“If the IRS thinks your estimate of the amount of tax you owe is unreasonable, it may disallow your extension and assess a late-filing penalty,” TurboTax says. “If you underestimate the amount of tax you owe, you'll likely have to pay interest and perhaps penalty on whatever amount you fail to pay by the original filing deadline.”

You’ll owe a penalty of 0.5% of underpayment every month until you pay off your balance if you paid less than 90% of the taxes you owe, TurboTax says. You won’t be subject to a penalty if you paid at least 90% of the taxes you owe when you file your extension, the IRS 2022 tax guide says.

TurboTax says there is an exception if you’re traveling outside of the country. If you’re outside of the country on tax deadline day, you can request a two-month extension that allows you to avoid the failure to pay penalty during that time, although interest will still accrue on your balance.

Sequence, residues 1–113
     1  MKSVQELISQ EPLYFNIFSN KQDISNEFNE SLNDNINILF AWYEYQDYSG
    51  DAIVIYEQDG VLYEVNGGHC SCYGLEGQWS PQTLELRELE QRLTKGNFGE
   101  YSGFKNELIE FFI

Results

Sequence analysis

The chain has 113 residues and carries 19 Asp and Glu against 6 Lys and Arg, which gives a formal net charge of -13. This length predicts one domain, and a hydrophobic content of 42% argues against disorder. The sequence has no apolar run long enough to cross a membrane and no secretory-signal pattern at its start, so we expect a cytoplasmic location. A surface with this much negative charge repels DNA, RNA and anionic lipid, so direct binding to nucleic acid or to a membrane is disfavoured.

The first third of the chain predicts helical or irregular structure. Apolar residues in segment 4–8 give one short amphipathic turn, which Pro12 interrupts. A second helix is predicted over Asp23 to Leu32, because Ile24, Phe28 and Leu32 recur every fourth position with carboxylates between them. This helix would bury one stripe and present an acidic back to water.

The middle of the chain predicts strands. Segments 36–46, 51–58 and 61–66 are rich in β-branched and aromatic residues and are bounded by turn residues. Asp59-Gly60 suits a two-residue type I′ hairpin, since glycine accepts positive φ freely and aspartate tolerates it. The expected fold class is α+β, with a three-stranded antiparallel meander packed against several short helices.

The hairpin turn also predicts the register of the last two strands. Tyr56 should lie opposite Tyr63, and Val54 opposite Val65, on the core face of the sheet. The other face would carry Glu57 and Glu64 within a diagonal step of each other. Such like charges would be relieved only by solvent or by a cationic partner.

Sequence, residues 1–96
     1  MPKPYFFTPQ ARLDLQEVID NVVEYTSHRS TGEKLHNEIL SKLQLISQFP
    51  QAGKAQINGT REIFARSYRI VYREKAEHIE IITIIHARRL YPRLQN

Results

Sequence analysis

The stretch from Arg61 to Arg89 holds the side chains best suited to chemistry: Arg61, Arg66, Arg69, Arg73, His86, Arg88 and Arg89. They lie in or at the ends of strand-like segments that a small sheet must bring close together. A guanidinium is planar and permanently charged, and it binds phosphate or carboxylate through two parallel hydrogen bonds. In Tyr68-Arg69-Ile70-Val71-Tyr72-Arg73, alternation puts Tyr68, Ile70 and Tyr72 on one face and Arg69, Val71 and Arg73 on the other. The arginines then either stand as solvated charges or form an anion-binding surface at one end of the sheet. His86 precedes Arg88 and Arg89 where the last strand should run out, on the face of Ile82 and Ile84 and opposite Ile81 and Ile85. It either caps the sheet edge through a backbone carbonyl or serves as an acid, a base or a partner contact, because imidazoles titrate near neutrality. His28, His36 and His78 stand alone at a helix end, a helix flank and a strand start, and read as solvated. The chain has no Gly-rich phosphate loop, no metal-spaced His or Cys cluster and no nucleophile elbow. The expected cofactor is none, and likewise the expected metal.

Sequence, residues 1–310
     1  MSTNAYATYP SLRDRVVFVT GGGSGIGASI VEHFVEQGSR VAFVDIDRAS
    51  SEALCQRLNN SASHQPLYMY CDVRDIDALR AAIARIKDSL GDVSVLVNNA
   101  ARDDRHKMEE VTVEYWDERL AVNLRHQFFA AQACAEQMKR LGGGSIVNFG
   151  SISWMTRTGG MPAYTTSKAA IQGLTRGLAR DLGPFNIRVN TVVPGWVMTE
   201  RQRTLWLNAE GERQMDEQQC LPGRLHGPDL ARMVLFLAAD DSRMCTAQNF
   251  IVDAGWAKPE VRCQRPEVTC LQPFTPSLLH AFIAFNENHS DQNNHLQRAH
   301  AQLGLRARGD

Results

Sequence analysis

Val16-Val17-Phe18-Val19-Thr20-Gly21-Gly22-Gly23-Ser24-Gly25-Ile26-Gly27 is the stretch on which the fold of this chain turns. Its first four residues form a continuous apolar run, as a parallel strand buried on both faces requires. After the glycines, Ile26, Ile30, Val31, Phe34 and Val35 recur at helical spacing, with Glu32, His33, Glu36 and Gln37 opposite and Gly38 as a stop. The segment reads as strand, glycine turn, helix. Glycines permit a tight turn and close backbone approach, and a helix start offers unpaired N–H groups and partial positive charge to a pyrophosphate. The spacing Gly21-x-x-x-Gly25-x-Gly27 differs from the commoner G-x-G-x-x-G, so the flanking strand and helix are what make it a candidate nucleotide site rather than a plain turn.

Most extension requests are accepted, TurboTax says, but a request could be denied if you make typos or give the IRS out of date information. If that happens, the IRS will notify you by email or letter and give you five days to make corrections.

If the IRS owes you a refund 

If you’re expecting a refund and don’t owe the IRS any money, or if you don’t make enough money to be required to file your taxes, then there are no penalties to missing the filing deadline.

“There's no penalty for failure to file if you're due a refund,” the IRS says. “However, you risk losing a refund altogether if you file a return or otherwise claim a refund after the statute of limitations has expired.”

Typically, the IRS gives you three years to file your return in order to receive a refund. If you take longer than three years to file, you’re unlikely to ever get your refund.

TurboTax says you can claim some tax credits only if you file a return, even if you’re otherwise not required to file because of your income.

“More often than not, you’re better off filing a return, even if you don’t need to,” TurboTax says. “That way, you won’t run afoul of any IRS filing requirements, letting you avoid the penalties, interest and other consequences that come with not filing or paying your taxes on time.”